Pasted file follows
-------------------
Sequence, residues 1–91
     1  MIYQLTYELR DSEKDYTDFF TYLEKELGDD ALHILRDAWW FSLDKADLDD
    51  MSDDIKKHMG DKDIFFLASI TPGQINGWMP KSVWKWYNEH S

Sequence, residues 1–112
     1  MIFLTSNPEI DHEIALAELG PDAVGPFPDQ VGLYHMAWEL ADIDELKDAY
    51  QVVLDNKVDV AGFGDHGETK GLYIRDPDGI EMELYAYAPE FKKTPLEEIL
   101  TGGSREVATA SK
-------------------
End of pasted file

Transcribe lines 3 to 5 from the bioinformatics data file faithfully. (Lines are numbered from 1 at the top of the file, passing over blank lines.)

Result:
    51  MSDDIKKHMG DKDIFFLASI TPGQINGWMP KSVWKWYNEH S

Sequence, residues 1–112
     1  MIFLTSNPEI DHEIALAELG PDAVGPFPDQ VGLYHMAWEL ADIDELKDAY